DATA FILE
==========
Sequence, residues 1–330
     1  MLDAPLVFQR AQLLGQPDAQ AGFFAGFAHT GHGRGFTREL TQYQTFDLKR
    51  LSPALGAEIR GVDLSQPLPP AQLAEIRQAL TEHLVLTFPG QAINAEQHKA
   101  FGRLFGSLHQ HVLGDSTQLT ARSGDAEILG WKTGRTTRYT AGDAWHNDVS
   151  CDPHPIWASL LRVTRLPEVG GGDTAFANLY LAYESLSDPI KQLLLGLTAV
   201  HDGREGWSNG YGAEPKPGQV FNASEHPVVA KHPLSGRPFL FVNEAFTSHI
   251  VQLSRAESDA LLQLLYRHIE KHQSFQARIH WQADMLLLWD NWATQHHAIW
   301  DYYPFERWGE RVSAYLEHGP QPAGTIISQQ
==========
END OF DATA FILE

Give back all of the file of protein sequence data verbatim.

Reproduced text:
Sequence, residues 1–330
     1  MLDAPLVFQR AQLLGQPDAQ AGFFAGFAHT GHGRGFTREL TQYQTFDLKR
    51  LSPALGAEIR GVDLSQPLPP AQLAEIRQAL TEHLVLTFPG QAINAEQHKA
   101  FGRLFGSLHQ HVLGDSTQLT ARSGDAEILG WKTGRTTRYT AGDAWHNDVS
   151  CDPHPIWASL LRVTRLPEVG GGDTAFANLY LAYESLSDPI KQLLLGLTAV
   201  HDGREGWSNG YGAEPKPGQV FNASEHPVVA KHPLSGRPFL FVNEAFTSHI
   251  VQLSRAESDA LLQLLYRHIE KHQSFQARIH WQADMLLLWD NWATQHHAIW
   301  DYYPFERWGE RVSAYLEHGP QPAGTIISQQ